US home loan demand slumps to lowest in 3 months

By Julie Haviv

NEW YORK, April 14 (BestGrowthStock) – U.S. mortgage applications
fell for a second straight week, with a slump in demand for
government loans driving activity to its lowest level in three
months, data from an industry group showed on Wednesday.

Demand for home loan refinancing and purchase loans, a
tentative early indicator of home sales, both slid, indicative
of a housing market that remains highly vulnerable to setbacks
just weeks away from the expiration of federal home buyer tax
credits.

The Mortgage Bankers Association said its seasonally
adjusted index of mortgage applications (USMGM=ECI: ), which
includes both purchase and refinance loans, for the week ended
April 9, decreased 9.6 percent, reaching its lowest level since
the week ended Jan. 1.

The four-week moving average of mortgage applications,
which smooths the volatile weekly figures, was down 6.2
percent.

“Applications for government mortgages dropped
substantially last week, following the implementation of an
increase in FHA mortgage insurance premiums,” Mike Fratantoni,
the MBA’s vice president of research and economics.

The MBA’s seasonally adjusted purchase index (USMGPI=ECI: )
decreased 10.5 percent. The decline in purchase applications
was driven by government purchase applications, which decreased
19.1 percent from last week, compared to a decrease of 2.0
percent in conventional purchase applications.

The seasonally adjusted index of refinancing applications
(USMGR=ECI: ) decreased 9.0 percent, continuing a recent trend
brought on by a spike in mortgage rates.

Patrick Lashinsky, president and CEO of real estate
brokerage ZipRealty, based in Emeryville, California, said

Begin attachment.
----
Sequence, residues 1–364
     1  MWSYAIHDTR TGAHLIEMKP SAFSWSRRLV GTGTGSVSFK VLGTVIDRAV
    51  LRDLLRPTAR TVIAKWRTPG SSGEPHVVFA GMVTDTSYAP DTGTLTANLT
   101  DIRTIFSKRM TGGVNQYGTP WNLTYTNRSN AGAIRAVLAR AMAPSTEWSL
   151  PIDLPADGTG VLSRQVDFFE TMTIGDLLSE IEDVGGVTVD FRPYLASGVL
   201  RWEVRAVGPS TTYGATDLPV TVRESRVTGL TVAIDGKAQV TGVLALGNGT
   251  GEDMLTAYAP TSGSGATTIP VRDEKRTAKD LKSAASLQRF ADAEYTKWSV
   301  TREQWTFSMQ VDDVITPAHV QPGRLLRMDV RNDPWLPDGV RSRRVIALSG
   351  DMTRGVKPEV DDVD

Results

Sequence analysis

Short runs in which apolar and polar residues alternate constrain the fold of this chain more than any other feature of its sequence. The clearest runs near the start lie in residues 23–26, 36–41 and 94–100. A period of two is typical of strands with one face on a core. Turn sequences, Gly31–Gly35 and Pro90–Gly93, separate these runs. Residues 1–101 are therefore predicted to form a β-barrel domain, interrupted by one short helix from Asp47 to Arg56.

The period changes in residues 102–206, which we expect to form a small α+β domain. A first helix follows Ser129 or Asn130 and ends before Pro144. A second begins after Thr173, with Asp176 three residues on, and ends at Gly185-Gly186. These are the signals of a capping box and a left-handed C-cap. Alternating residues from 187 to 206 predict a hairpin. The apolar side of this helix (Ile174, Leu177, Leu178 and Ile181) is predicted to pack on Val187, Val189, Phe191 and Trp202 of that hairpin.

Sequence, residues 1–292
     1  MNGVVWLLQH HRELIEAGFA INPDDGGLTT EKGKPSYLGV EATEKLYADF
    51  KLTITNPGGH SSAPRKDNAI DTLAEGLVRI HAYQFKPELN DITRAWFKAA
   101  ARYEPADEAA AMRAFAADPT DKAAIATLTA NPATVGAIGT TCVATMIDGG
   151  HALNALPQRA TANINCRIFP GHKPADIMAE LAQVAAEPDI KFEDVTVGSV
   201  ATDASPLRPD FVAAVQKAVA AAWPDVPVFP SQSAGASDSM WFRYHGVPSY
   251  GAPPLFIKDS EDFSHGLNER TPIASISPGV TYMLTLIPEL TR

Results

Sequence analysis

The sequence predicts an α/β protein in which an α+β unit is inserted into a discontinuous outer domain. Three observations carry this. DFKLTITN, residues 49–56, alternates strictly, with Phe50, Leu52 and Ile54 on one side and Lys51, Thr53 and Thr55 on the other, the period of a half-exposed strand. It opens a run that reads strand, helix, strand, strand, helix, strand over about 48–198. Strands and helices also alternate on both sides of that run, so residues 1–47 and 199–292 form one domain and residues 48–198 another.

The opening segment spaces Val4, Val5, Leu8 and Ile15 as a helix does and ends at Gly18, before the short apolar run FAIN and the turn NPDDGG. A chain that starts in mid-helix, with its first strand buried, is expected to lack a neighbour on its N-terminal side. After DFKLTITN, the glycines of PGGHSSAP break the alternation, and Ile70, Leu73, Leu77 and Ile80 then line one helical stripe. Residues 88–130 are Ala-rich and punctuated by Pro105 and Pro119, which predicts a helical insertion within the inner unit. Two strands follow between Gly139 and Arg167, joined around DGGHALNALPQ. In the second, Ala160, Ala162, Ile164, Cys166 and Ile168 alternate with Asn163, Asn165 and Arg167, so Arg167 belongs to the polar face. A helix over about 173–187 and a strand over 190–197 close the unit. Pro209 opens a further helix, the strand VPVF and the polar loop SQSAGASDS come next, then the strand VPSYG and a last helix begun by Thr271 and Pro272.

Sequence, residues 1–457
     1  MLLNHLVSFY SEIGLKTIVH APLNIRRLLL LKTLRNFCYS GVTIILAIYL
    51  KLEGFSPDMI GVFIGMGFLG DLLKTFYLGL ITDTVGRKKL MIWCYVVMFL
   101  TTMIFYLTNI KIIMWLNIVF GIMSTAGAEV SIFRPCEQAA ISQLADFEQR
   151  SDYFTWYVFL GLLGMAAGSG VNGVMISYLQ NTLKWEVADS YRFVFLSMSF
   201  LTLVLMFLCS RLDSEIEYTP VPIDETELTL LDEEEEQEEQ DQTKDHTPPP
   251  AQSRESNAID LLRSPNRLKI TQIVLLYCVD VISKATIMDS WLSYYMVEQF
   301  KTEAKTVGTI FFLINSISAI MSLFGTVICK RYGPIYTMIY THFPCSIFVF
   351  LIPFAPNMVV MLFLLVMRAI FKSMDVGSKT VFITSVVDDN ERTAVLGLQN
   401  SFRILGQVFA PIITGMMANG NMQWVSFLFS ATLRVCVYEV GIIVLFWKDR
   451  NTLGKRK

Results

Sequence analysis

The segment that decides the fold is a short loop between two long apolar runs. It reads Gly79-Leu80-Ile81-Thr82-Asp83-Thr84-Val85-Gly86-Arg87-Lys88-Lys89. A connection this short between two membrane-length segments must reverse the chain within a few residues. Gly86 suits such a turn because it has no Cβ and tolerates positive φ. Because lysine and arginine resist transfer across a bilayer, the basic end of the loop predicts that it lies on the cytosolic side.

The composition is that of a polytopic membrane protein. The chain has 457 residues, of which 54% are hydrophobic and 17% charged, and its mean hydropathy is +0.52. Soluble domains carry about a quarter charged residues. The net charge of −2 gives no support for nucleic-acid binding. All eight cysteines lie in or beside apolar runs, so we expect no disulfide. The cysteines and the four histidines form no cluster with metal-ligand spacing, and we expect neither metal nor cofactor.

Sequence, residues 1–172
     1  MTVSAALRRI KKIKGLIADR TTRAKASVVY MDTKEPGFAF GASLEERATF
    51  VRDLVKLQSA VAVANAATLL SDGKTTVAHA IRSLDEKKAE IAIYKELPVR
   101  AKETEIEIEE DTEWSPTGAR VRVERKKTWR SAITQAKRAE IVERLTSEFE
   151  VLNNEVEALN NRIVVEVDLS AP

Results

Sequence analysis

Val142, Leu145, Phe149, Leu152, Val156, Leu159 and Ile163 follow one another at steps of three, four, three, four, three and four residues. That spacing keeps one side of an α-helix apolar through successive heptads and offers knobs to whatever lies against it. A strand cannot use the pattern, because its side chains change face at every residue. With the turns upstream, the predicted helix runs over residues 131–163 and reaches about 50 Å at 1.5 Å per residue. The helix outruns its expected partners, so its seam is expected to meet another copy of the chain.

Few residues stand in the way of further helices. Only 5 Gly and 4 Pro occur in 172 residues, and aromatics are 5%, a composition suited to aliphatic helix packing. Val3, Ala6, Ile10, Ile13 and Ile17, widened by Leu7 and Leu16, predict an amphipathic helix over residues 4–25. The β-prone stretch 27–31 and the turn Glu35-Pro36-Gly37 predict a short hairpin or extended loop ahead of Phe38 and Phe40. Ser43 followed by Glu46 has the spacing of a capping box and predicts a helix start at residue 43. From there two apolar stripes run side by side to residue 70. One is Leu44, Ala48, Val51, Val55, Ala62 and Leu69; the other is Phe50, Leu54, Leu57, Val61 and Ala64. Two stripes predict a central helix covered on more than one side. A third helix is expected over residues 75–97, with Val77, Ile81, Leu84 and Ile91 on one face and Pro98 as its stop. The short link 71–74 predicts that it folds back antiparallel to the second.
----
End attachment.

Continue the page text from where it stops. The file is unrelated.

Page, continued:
sales activity is not as strong as late last year when
first-tome home buyers came out in droves to take advantage of
a tax credit, which was originally set to end Nov. 30.

“The extension and expansion of tax credits has not made a
significant impact this time around,” he said.

The federal government’s $8,000 first-time home buyer tax
credit and a $6,500 credit for home owners buying a new
residence will soon expire. Eligible borrowers must sign
contracts by April 30 and close loans by June 30.

“We are bouncing around a housing market bottom right now
and we will probably see a very slow recovery,” he said. “Sales
should pick up, however, because people have become more
comfortable with where home prices are headed and their job
situation.”

The MBA said borrowing costs on 30-year fixed-rate
mortgages, excluding fees, averaged 5.17 percent, down 0.14
percentage point from the previous week. Interest rates were
also above the year-ago level of 4.70 percent.

An all-time low of 4.61 percent was set in the week ended
March 27, 2009. The survey has been conducted weekly since
1990.

The MBA said fixed 15-year mortgage rates averaged 4.45
percent, down from 4.54 percent the previous week. Rates on
one-year ARMs decreased to 7.02 percent from 7.03 percent.

“The 30-year fixed-rate mortgage should jump to around 6
percent within the next 12 months,” Lashinsky said.

“By 2011, the housing market should enjoy consistent, but
slow growth,” he said.

Recent data on new and existing home sales point to a
sector that is still struggling.

Sales of newly built U.S. single-family homes fell for a
fourth straight month to a record low in February, according to
the Commerce Department. Meanwhile, the National Association of
Realtors said sales of previously owned homes fell for a third
straight month in February.

More key insight into the state of the U.S. housing market
will emerge this week. The National Association of Home
Builders Thursday afternoon releases its NAHB/Wells Fargo
Housing Market Index. The Commerce Department on Friday
releases March housing starts data.

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US home loan demand slumps to lowest in 3 months